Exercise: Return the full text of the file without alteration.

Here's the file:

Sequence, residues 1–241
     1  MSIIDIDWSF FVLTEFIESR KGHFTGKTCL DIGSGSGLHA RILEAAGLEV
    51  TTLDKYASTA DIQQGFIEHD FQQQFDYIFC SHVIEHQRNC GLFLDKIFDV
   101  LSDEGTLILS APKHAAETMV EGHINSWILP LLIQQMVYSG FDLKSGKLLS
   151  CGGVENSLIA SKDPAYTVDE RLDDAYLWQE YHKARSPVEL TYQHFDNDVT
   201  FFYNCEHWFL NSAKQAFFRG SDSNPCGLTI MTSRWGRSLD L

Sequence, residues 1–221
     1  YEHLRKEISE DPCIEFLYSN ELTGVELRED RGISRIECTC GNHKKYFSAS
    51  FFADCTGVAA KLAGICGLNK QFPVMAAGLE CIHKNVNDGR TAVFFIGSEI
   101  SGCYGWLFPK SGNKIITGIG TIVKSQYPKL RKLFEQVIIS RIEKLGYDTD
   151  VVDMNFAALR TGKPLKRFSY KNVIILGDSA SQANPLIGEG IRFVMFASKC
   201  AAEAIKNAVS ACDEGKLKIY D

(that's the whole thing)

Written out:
Sequence, residues 1–241
     1  MSIIDIDWSF FVLTEFIESR KGHFTGKTCL DIGSGSGLHA RILEAAGLEV
    51  TTLDKYASTA DIQQGFIEHD FQQQFDYIFC SHVIEHQRNC GLFLDKIFDV
   101  LSDEGTLILS APKHAAETMV EGHINSWILP LLIQQMVYSG FDLKSGKLLS
   151  CGGVENSLIA SKDPAYTVDE RLDDAYLWQE YHKARSPVEL TYQHFDNDVT
   201  FFYNCEHWFL NSAKQAFFRG SDSNPCGLTI MTSRWGRSLD L

Sequence, residues 1–221
     1  YEHLRKEISE DPCIEFLYSN ELTGVELRED RGISRIECTC GNHKKYFSAS
    51  FFADCTGVAA KLAGICGLNK QFPVMAAGLE CIHKNVNDGR TAVFFIGSEI
   101  SGCYGWLFPK SGNKIITGIG TIVKSQYPKL RKLFEQVIIS RIEKLGYDTD
   151  VVDMNFAALR TGKPLKRFSY KNVIILGDSA SQANPLIGEG IRFVMFASKC
   201  AAEAIKNAVS ACDEGKLKIY D